Tuesday, July 17, 2018


This review previously ran in Shelf Awareness and appears here with permission.

Adrienne Celt, novelist, cartoonist and delightfully self-described "friend to imaginary people and animals," proves an equally good friend to the living with Invitation to a Bonfire. An intimate character study and twisted psychological saga, Bonfire is wrapped in the distinctive atmosphere of 1930s Russia and the East Coast American upper class.

An opening note identifies the work as the project of an elite New Jersey all-girl boarding school, told through a compilation of documents posthumously donated by a benefactor--diary entries of a young Russian refugee and letters from an infamous Soviet author to his wife. The note cleverly teases the death and deception to follow as the paths of the two cross with fatal consequences.

Zoya is a war orphan smuggled into the United States and dropped at the Donne School with threadbare clothing and $10 to her name. Zoya's 1931 diary exquisitely recounts her difficulties fitting in while surrounded by cruel girls from wealthy families. Leo Orlov is steered to literary success by his calculating wife, Vera ("[s]harp as a tack...[c]old as a Frigidaire"), ultimately landing at Donne as a visiting professor and seducing Zoya. When Leo temporarily returns to Russia, his wife and mistress undertake a manipulative friendship, partially at his behest.

Celt (The Daughters) writes in beautiful detail, particularly within Zoya's diaries, which exhibit a detached coolness that renders her captivatingly enigmatic. Leo's letters to Vera are adoring, yet cunning in their own right. Filled with characters of unreliable passion and motive, Bonfire smolders with intrigue through the final reveal.

STREET SENSE:  This is a twisted love triangle involving a young Russian woman, her famous author lover and his calculating wife that plays out to a tragic end in 1930s New Jersey. If smoldering character studies are your thing, this will be a good pick.

A FAVORITE PASSAGE:  Those girls, they liked me so easily and so much the second they saw me as one of their own...A girl from their same world, where houses got drafty from size instead of poor craftsmanship, and your uncle came by just to take you and your girlfriends out for chocolate milkshakes, which you sucked up through colored straws. Where you slept in on Saturdays, and could accomplish anything you set your mind to, and where you were given a bright red bicycle with streamers on the handlebars, which whistled as you rode. They'd never known how to make do, to sew the covers back on old schoolbooks. To sneak into the cloakroom at restaurants and gather tobacco from men's coat pockets in order to make a cigarette with which to bribe the greengrocer. To watch their parents turn into strangers before their eyes, and then be told by those strangers that they didn't deserve any more than what others had, because why would they? The girls didn't want to know those things. And they were equally afraid of the fact that I did, and that I could shed the appearance of knowledge so quickly. Like slipping out of a skin.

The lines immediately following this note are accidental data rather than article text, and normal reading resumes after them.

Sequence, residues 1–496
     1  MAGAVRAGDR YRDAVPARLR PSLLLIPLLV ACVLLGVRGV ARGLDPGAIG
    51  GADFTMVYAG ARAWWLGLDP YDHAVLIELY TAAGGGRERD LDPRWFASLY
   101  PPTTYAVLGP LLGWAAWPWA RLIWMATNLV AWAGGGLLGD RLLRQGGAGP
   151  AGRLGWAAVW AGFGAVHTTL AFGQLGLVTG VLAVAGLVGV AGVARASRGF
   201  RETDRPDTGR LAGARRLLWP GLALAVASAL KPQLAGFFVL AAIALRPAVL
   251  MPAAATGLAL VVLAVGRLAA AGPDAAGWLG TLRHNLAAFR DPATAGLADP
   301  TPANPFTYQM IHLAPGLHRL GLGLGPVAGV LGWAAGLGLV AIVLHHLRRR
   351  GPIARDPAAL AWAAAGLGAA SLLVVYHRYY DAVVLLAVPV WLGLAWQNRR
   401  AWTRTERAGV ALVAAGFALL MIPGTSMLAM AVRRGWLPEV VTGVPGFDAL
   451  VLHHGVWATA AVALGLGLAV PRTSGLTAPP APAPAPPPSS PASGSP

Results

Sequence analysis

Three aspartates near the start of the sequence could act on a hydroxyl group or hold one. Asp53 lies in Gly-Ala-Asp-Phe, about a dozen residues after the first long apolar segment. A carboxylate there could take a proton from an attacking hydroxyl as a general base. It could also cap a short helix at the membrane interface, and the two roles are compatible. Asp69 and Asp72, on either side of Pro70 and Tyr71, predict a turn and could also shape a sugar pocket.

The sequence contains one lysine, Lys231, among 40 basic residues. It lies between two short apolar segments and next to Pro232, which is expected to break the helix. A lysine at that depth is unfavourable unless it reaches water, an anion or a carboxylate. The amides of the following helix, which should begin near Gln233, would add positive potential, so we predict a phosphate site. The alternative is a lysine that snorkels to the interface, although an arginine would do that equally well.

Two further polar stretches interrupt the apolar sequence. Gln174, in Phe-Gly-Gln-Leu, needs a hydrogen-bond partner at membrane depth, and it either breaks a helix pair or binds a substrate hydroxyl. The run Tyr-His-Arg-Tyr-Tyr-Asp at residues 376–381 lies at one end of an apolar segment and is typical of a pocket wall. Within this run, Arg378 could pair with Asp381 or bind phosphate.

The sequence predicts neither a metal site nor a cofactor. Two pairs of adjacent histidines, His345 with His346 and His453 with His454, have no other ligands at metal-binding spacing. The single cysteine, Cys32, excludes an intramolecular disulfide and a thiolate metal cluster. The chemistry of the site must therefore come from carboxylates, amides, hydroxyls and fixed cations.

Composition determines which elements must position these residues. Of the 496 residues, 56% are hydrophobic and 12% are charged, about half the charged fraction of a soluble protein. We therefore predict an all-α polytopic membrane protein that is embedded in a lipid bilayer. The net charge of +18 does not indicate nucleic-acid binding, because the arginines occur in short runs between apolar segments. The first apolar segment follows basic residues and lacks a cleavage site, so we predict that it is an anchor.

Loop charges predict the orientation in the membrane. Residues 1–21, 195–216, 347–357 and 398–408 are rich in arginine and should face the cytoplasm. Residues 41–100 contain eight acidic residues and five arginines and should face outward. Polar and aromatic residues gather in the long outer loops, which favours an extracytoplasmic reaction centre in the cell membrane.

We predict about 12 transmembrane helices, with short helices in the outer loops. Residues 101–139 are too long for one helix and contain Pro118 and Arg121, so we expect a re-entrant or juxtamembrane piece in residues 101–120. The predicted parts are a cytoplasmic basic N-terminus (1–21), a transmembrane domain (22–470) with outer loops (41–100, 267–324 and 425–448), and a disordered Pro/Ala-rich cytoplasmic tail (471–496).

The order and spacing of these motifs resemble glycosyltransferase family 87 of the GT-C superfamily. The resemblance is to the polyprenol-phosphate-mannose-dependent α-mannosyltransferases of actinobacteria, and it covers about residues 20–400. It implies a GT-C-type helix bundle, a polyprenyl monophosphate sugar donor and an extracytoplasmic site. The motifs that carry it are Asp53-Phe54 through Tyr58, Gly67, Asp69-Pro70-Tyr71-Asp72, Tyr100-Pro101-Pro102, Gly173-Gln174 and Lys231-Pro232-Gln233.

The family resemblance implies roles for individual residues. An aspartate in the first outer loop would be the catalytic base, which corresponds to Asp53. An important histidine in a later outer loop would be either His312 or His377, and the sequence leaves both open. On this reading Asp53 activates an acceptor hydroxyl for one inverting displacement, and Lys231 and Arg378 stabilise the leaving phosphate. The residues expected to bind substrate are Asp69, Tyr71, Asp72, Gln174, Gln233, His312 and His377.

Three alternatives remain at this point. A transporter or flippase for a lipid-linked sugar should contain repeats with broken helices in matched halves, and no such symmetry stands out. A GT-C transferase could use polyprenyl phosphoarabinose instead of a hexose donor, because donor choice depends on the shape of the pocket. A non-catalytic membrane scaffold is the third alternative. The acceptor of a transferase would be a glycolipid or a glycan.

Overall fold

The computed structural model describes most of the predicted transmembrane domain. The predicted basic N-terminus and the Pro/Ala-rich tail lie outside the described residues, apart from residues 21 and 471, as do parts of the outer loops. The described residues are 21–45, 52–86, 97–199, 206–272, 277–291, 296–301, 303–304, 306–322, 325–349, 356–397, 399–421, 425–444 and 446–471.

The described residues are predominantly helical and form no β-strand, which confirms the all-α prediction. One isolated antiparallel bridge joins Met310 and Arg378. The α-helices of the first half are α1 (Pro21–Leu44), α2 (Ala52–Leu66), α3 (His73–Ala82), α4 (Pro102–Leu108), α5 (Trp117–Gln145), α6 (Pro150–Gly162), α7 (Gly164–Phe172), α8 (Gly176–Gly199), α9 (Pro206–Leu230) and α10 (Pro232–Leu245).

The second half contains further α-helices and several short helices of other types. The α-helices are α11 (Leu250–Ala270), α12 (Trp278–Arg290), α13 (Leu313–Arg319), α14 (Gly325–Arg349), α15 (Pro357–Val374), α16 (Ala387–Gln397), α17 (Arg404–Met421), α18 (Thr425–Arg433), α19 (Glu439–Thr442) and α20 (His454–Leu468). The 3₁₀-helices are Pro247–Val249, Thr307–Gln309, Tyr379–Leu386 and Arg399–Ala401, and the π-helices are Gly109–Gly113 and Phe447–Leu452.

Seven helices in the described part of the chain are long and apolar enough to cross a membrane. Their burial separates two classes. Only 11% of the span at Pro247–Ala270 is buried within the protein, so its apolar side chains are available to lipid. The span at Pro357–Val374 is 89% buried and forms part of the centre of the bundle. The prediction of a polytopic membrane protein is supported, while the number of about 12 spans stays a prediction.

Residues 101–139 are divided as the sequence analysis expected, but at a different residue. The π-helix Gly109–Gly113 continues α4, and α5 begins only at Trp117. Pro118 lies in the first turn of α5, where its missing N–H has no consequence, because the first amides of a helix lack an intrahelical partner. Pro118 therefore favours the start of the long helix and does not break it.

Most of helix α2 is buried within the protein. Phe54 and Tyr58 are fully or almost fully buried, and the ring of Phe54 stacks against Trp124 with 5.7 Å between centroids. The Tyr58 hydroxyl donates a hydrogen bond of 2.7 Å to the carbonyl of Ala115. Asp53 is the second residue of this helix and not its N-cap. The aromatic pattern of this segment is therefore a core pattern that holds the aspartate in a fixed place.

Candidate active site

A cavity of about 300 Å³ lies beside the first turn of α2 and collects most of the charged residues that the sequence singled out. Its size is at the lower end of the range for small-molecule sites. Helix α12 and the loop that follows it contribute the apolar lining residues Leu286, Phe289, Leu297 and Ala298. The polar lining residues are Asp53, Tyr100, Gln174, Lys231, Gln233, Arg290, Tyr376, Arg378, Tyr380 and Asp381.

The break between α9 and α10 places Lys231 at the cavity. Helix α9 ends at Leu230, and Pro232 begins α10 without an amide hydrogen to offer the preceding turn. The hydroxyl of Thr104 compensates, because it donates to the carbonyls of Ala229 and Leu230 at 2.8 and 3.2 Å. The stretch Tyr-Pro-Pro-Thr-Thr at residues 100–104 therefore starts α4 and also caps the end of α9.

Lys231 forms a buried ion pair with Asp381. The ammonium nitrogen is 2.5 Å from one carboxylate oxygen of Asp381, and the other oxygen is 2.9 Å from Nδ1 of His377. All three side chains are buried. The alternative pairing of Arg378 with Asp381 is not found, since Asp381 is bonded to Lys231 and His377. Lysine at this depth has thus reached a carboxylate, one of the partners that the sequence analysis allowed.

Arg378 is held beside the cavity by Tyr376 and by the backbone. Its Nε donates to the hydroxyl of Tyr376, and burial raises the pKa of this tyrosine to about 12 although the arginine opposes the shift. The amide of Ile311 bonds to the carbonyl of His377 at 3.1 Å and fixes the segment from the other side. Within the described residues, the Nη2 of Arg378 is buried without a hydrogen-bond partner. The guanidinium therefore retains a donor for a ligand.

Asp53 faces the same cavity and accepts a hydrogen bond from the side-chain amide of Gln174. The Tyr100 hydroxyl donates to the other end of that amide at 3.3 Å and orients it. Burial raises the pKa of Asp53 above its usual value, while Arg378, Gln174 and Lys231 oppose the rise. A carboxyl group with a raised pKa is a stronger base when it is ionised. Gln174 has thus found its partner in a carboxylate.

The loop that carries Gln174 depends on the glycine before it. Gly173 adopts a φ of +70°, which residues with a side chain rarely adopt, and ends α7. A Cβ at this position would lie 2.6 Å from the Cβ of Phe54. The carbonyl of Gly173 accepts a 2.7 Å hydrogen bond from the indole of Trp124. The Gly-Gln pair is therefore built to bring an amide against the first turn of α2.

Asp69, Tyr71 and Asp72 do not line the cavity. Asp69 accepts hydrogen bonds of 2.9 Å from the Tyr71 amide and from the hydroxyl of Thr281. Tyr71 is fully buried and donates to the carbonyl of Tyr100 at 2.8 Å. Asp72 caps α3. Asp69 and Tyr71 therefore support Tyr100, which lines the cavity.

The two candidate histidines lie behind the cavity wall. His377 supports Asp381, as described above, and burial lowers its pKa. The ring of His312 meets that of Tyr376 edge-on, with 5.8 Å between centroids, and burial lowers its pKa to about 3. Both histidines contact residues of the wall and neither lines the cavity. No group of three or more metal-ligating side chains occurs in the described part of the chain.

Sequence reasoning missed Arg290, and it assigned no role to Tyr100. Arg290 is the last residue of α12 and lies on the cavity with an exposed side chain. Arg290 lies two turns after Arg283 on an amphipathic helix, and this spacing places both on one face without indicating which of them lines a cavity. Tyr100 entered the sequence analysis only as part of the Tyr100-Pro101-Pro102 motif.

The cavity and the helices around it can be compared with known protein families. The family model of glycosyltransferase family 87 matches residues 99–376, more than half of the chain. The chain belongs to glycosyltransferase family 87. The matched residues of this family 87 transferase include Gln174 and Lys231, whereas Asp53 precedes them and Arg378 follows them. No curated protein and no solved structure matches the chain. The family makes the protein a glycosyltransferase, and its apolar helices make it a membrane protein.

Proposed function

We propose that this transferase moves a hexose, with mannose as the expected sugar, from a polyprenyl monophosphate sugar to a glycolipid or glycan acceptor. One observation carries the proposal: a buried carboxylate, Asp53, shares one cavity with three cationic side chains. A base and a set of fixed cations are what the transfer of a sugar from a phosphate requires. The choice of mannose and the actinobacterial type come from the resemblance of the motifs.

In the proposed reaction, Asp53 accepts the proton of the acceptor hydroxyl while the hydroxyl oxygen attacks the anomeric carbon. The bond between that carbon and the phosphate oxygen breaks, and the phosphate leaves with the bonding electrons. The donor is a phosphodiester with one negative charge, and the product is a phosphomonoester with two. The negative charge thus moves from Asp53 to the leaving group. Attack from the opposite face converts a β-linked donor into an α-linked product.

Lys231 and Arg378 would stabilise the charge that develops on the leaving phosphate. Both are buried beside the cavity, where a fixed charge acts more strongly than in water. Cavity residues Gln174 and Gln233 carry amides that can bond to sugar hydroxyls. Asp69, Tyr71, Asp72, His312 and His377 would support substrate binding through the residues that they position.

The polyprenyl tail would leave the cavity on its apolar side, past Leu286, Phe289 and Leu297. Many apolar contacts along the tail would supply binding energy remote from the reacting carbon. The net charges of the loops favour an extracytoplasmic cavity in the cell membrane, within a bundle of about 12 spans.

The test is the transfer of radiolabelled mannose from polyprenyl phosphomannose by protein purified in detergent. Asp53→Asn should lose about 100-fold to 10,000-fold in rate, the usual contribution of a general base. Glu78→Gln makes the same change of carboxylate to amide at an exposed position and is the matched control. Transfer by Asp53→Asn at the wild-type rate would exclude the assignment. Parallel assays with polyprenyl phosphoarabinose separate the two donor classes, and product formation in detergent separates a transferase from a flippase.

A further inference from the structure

COVER NERD SAYS:  The best selling point of this cover is really the title, which I find intriguing enough in its own right to make me pick this up off a shelf/display table. There are also several design aspects to the cover I like, but it doesn't knock my socks off. The image of the envelope adds to the intrigue and shows up much better on the final copy than my version. I also appreciate the blue v. red imagery of the title font, but I think I would have preferred something more aligned with the envelope and title. The elements are good, I'm just not sure they fit together perfectly to suit the atmosphere of this novel.

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About Malcolm Avenue Review

I was lucky enough to be born and raised in a nifty, oak-shaded ranch house on Malcolm Avenue, a wide-laned residential street with little through traffic, located amid the foothills of Northern California. It was on that street and in that house I learned most of my adolescent life lessons, and many grown-up ones to boot. Malcolm Avenue was "home" for more than thirty years.

It was on Malcolm Avenue, through and with my family and the other families that made up our neighborhood of characters, that I first learned about and gained an appreciation for the things I continue to love the most to this day: music, animals, photography, sports, television/movies and, of course, books.

I owe a debt of gratitude to that life on Malcolm Avenue. It gave me a sense of community and friendship, support and adventure. For better and worse, life on that street likely had the biggest impact on the person I've become. So this blog, and the things I write here, are all, at their base level, a little bit of a love letter to Malcolm Avenue.


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